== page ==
No matter which way you split it, buying a Roomba can be a bit pricey. So if you are simply looking for help in keeping your house vacuumed, is it worth the money?
Short answer: YES!
Long answer, yes… but there are some things you need to consider before jumping head-first into investing in a robotic vacuum.
Our first Roomba was a Christmas present that my husband carefully investigated but was still a mystery to us. Our second Roomba (both of which we still use) was purchased with the knowledge of their strengths and weaknesses.
Hopefully that information will prove useful in helping you decide if you should buy a Roomba for yourself.
Before I get too far, I want to say that my experience is based on the i7 series and the 690 series. The 690 was specific to Best Buy and other non-iRobot retailers. It is equivalent to 675.
If you’re looking for more easy ways to keep your house clean,
So, without further ado…
In my experience, not for major cleaning.
Look at it as more of a maintenance type clean. It will pick up small debris daily and help keep pet hair down, but you will still want to do a thorough vacuum every week or two.
We have done extensive testing on both Roomba models to see if further vacuuming is needed.
Almost every time, you can get deeper dust and hair by running a regular vacuum immediately after the Roomba does its thing.
HOWEVER, it absolutely keeps the dust, hair, dirt, etc down between vacuums. And for a stepmom of 3 kids, 1 giant dog, and 1 indoor mini pig, that is huge.
Also, having chronic illness keeps me from being able to vacuum as often as I would like. These vacuums make it possible to stay on top of it without feeling gross.
It does not replace any function your regular vacuum does with hoses, attachments, etc. Dog hair rolled into a ball by rubber brush. Easy to pick up.
Yes, but different models have different strengths when it comes to pet hair.
Both of our models help keep the dog hair down. However, it is our experience that the rubber brushes that iRobot touts as being superior on pet hair DO NOT WORK AS WELL as the regular brush on the carpet.
Where the regular brush picks the hair up, the rubber brush combines it into a large clump. These clumps can then be picked up very easily. The i7 does not seem to have the suction capacity to pick the clumps up.
The downside, however, to the regular brush is that it needs de-haired more often. If you go too long between cleaning the brushes, it gets clogged and will not pick up as well. The rubber brush also needs to be cleaned, but not as often.
Both the regular and rubber brush models pick up pet hair on hard surfaces (like tiles, etc) just fine.
The base is where the vacuum returns to charge after every run. Some docks can also empty the debris bin.
All versions of the dock need a certain amount of space for the vacuum to make it safely back to the dock. The company recommends 1.5 ft on each side and 4 ft of empty space in the front. Additional space is needed if you have stairs or virtual walls (see more on virtual walls later in this post).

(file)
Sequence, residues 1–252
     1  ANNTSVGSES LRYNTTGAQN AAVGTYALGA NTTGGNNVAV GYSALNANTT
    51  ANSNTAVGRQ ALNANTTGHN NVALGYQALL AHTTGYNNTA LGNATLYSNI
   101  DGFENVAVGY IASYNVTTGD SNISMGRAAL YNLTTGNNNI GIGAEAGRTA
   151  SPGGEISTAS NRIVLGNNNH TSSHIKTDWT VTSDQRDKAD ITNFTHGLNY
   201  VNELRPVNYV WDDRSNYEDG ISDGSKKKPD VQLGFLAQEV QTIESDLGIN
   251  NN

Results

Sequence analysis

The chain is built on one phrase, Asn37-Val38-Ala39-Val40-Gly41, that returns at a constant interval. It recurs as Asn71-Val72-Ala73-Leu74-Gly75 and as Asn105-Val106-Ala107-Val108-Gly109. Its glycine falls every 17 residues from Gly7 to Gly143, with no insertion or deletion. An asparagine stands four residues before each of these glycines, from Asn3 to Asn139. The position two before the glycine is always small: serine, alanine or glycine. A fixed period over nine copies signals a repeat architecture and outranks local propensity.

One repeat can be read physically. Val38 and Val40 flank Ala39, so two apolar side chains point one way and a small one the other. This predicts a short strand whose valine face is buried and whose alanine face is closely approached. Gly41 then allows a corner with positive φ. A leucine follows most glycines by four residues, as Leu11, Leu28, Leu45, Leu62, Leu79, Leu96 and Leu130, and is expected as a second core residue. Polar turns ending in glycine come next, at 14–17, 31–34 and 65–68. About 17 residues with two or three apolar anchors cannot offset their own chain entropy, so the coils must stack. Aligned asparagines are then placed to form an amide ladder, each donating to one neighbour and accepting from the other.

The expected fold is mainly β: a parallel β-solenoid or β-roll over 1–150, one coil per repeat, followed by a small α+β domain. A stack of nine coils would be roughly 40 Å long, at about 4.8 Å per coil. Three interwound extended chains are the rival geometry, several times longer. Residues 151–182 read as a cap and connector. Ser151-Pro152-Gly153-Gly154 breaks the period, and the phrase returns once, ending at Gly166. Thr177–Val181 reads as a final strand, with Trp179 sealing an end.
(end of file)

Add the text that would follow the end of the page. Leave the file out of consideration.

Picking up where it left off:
We have found with one of our models that space is not necessary. The dock is placed underneath a nightstand and doesn’t have problems. Ironically, our more expensive model with room mapping capabilities can never dock itself!
The dock is underneath an end table and we have to return the Roomba every morning to the docking station so it can be ready to go the next day. This isn’t an issue as it can vacuum our downstairs, where it is located, on one charge. We also empty the bin every day, so we’re already handling it.
However, if your home requires multiple ‘trips’ a day, you would need to consider whether you have appropriate space to house the dock.
The nightstand Roomba can dock without problems. The end table needs to be returned to the dock daily.
The vacuums have sensors that enable them to slow down as they reach furniture and walls. They do still, on occasion, go careening into something. The built-in ‘padding’ keeps them from hitting too hard, though.
However, I have noticed some ‘wear and tear’ on our furniture and walls that were not there before. I believe this is due to the side brush.
I love and hate this little brush.
On one hand, it really helps to get debris around baseboards and under counters. On the other hand, it is leaving subtle marks along all our walls and furniture.
We have obviously decided that it’s minor enough to continue using them. However, as you can see in the pictures, it may not be for everyone.
Slight damage about an inch up the baseboard from the side brush.
This is a feature that was majorly disappointing in our more expensive Roomba i7.
With the 690model, the vacuum does not necessarily ‘map’ our house in the traditional sense. It doesn’t learn where the furniture and walls are.
Because it doesn’t use technology that requires a camera, it is able to run at 1 am when everyone in the house was asleep. We woke up to the awesome pattern of vacuum marks in the carpet and knew it did its thing.
We were also able to pick up anything off the floor that did not belong before bed so we knew it wasn’t going to run over or get stuck on something one of the kids dropped in their wake.
The i7, which has the awesome house-mapping feature, requires a camera. This means that our late-night vacuuming is no more unless we want to leave the light on.
So the answer to, does the Roomba run in the dark is, it depends on the model you chose.
The drop-off sensor on all Roomba stop them from going over a cliff (stairs). Not to say that it doesn’t happen on occasion.
Our 690 model is the only one that has to avoid the stairs. It runs daily. In any given month, it tries to take a nose-dive approximately once. If this is something that becomes an issue for you, which it shouldn’t, you could place a virtual wall before it reaches the stairs. That would turn it around before it had a chance to reach the stairs.